This week’s recipe teams it with chicken and Parmesan. If you have a big enough tray put the chicken and asparagus all on one and serve from the tray, to save washing up. I had to use two.

For the chicken:
2 large chicken breasts (3 if smaller)
2 Tbs flour
½ cup panko breadcrumbs
¼ cup grated Parmesan cheese
1 Tbs finely chopped parsley
Salt and freshly ground black pepper to taste
1 tsp grated lemon rind
2 Tbs melted butter
2 Tbs lemon juice
1 clove garlic, crushed
1 lemon, thinly sliced
For the asparagus:
About 500g asparagus spears, washed and trimmed
1 Tbs melted butter
1 Tbs olive oil
1 clove garlic, crushed
¼ cup grated Parmesan cheese

Preheat oven 180°C. Line a large shallow baking sheet with baking paper. Place flour in a bowl. In a second bowl mix the panko crumbs, Parmesan, parsley, salt and pepper. In a third bowl mix the lemon rind, butter, lemon juice and garlic. Cut the chicken breasts into thick strips. Coat with flour, then the garlic/lemon mixture and lastly the panko crumbs. Place on prepared baking sheet and sprinkle with any leftover panko mixture over.

Bake for 10 minutes then remove from the oven and cover with lemon slices. If there’s enough room, place the asparagus on the same tray. If not line a second tray with baking paper. Mix the butter, oil and garlic and brush all over the asparagus, then drizzle the rest over. Sprinkle with the grated Parmesan. Return to the oven for 10-15 minutes or until chicken is golden brown and asparagus is cooked. If liked serve with a drizzle of olive oil. Steamed new potatoes go well.

Serves 3-4

Barbecued Cabbage Wedges with Ginger-Miso Dressing

A recipe for barbecued cabbage caught my eye recently. The sauce includes miso, a Japanese paste made from fermented soybeans found amongst the Asian ingredients in Australian supermarkets. If you live elsewhere you may have to visit an Asian grocery store.

Some recipes call for white miso and others for red miso, but they’re fairly interchangeable. I have them both in the fridge, where they keep, once opened, for several weeks. Miso has a strong umami flavour which goes well in marinades and sauces for fish and meat. It also goes well with this delicious barbecued cabbage.

If you can’t be bothered lighting the barbecue you can make this dish in a frying pan. The cabbage once caramelised becomes quite sweet, the way onions do when you fry them.

1 medium to large cabbage
2-3 Tbs olive oil
Salt and freshly ground back pepper
Sauce:
2 Tbs miso paste
2 Tbs brown sugar
2 Tbs soy sauce
1 Tbs rice vinegar
1 Tbs mirin
1 Tbs grated or finely chopped fresh ginger
1 clove garlic, crushed
1 tsp sesame oil
Freshly ground black pepper
To serve:
Snipped chives or finely sliced spring onion tops

Light the barbecue. Remove outer leaves from the cabbage, then with a sharp knife cut it into 8-10 wedges. Place in a bowl and drizzle with the olive oil, using your hands to coat the cabbage thoroughly, then season lightly.

Cook cabbage wedges on the barbecue over a medium to high heat, turning every 2  minutes or so, for 10 minutes or until well charred and tender, but still a bit crunchy in the middle. Meanwhile mix all the ingredients for the sauce.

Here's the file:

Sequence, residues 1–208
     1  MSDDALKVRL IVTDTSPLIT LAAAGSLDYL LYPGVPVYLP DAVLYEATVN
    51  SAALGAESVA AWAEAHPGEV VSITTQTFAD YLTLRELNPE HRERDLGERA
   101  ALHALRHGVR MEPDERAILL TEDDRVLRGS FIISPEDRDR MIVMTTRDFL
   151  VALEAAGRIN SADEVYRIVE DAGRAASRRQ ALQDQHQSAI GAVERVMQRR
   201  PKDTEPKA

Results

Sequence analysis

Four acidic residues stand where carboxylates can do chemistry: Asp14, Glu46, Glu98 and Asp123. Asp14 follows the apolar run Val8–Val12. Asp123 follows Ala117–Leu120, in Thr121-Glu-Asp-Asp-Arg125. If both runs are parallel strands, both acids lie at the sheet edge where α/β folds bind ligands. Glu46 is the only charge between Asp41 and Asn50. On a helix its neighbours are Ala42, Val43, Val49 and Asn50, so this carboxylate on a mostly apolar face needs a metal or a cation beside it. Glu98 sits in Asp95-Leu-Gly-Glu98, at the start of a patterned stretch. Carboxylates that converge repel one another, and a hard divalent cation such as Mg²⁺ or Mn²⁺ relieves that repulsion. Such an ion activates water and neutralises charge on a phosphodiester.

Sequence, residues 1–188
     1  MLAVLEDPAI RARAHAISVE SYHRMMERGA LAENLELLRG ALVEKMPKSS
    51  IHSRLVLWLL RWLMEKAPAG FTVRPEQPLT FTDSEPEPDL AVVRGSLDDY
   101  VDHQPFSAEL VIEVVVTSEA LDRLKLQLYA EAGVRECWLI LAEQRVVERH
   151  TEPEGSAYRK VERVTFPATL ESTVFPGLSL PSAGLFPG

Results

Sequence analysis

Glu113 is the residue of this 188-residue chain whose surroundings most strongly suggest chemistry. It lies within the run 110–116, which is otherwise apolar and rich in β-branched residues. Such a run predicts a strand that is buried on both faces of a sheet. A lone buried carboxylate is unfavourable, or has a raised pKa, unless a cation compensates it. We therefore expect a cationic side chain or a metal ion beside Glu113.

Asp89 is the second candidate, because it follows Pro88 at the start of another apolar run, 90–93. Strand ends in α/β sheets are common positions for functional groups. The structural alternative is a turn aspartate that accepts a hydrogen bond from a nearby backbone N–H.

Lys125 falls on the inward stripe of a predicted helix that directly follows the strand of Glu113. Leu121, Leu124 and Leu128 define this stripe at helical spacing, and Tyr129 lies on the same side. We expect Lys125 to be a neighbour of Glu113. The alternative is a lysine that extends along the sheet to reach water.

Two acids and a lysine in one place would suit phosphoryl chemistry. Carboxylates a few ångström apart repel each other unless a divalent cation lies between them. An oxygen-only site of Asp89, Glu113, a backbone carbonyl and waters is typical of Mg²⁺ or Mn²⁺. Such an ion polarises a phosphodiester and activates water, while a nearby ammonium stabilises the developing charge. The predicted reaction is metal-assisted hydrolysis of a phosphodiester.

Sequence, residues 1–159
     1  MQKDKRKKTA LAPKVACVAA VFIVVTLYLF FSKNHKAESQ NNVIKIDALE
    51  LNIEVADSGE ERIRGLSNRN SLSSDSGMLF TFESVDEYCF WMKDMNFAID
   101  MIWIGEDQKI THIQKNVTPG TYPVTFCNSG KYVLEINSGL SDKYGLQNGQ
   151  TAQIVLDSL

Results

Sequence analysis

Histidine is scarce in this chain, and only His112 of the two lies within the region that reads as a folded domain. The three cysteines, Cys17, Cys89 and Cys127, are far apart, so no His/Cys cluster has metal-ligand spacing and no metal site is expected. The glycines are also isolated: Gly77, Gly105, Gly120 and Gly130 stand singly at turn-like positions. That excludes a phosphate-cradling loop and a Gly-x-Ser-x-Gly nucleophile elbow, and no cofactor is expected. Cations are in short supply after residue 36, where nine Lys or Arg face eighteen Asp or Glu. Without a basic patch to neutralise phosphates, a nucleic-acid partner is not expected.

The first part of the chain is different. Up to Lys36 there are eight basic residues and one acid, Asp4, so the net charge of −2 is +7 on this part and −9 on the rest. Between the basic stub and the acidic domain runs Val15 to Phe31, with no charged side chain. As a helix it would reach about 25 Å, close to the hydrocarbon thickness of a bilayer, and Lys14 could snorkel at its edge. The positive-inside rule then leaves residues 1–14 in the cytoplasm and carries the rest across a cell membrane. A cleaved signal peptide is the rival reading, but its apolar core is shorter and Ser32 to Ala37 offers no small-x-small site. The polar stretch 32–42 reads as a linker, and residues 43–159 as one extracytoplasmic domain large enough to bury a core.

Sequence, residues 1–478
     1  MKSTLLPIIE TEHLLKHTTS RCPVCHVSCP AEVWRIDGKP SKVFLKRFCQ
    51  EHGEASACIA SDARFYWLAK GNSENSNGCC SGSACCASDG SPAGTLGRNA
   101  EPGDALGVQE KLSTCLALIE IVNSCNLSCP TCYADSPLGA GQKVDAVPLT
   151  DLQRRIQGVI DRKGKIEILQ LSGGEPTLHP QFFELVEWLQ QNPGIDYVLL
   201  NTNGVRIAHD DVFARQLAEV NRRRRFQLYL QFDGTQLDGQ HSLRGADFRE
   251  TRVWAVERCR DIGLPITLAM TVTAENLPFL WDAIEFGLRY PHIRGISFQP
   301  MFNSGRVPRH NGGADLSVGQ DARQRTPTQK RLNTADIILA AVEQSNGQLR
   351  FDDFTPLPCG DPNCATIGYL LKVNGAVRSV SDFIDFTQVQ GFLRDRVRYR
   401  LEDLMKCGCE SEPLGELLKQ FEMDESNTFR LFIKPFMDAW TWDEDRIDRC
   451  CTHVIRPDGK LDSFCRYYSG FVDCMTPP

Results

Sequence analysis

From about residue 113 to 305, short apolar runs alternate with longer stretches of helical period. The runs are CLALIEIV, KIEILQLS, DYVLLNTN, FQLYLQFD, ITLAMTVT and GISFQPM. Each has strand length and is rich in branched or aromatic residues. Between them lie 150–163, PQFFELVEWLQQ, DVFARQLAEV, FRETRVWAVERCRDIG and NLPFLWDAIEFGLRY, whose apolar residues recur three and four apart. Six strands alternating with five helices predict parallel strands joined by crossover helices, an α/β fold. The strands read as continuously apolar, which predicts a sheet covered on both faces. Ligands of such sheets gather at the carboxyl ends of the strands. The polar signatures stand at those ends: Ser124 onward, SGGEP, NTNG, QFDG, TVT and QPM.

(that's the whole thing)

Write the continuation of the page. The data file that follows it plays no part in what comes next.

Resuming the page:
Serve cabbage drizzled with some of the sauce and sprinkled with the chives or spring onion tops

Serves 8

Rocket Salad with Sweet Potato, Parmesan & Pine Nuts

Whenever we go to our daughter’s in Newcastle we eat lots of rocket. It grows there like a weed. I much prefer the larger flat leafed rocket you can grow to the skinny wild rocket sold in supermarkets.

This salad is delicious with or without the sweet potato.

2 medium sweet potatoes, peeled and cut into chunks
2-3 tsp olive oil
Salt
A big bowl full of rocket leaves, washed and spun dry
1/3 cup pine nuts, lightly toasted
1 cup coarsely grated parmesan cheese
Dressing:
½ cup Extra Virgin olive oil
2 Tbs balsamic vinegar
Salt and freshly ground black pepper, to taste

Preheat oven to 180°C. Mix sweet potato chunks with the oil and a little salt, then spread out on a shallow baking sheet. Bake for 20-30 minutes or until starting to brown. Make dressing by shaking all ingredients in a jar with a lid.

Place rocket, sweet potato, pine nuts and parmesan in a large salad bowl. Add some dressing and mix thoroughly to coat.

Serves 4

Variations: use pumpkin instead of sweet potato. Use goat’s cheese or feta cheese instead of grated parmesan.

Beetroot Kebabs with Labneh and Dukkah

I’m a big fan of beetroot, labneh and dukkah, so when I saw a recipe in Gourmet Traveller using all three, I knew I would like it.

 

500g Greek-style yoghurt
1 tsp salt
3-6 beetroot, depending on size, peeled, halved lengthwise or left whole if smaller
1 Tbs olive oil
50g butter
Dill sprigs
3 Tbs Dukkah

To make the Labneh, mix salt into yoghurt then scrape into a sieve which has been lined with muslin or any thin fabric. A man’s handkerchief works well. Place the sieve over a large bowl, cover then refrigerate overnight to drain. Discard the liquid before serving.

Thinly slice beetroot using a mandoline or slicing blade on a food processor, then mix with the olive oil and salt to taste. Use your hands to make sure the oil is thoroughly distributed. Wear gloves if you’re concerned about the colour, although it does come off quite quickly. Thread onto skewers, allowing one or two skewers per person, folding beetroot if necessary, leaving smaller slices unfolded. Can be prepared ahead to this stage.

Preheat grill or barbecue to high, then cook the kebabs, turning occasionally, for 5 mins, or until lightly charred all over.

Melt butter in a small saucepan, then allow it to turn golden brown (3-4 mins). Mix in the dukkah.

Serve beetroot kebabs with a dollop of labneh to the side. Scoop out a little of the labneh to make a nest and fill it with some warm dukkah butter. Sprinkle a little dukkah around and garnish with dill sprigs.

Makes about 8 kebabs serving 4 or 8